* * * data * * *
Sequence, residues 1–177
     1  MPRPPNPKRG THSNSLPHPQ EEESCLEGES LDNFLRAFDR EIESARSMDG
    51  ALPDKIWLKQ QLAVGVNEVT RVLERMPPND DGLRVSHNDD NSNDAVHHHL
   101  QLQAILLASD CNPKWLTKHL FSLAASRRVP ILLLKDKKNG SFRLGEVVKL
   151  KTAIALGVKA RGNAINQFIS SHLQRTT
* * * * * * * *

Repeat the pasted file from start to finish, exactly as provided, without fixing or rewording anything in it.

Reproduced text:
Sequence, residues 1–177
     1  MPRPPNPKRG THSNSLPHPQ EEESCLEGES LDNFLRAFDR EIESARSMDG
    51  ALPDKIWLKQ QLAVGVNEVT RVLERMPPND DGLRVSHNDD NSNDAVHHHL
   101  QLQAILLASD CNPKWLTKHL FSLAASRRVP ILLLKDKKNG SFRLGEVVKL
   151  KTAIALGVKA RGNAINQFIS SHLQRTT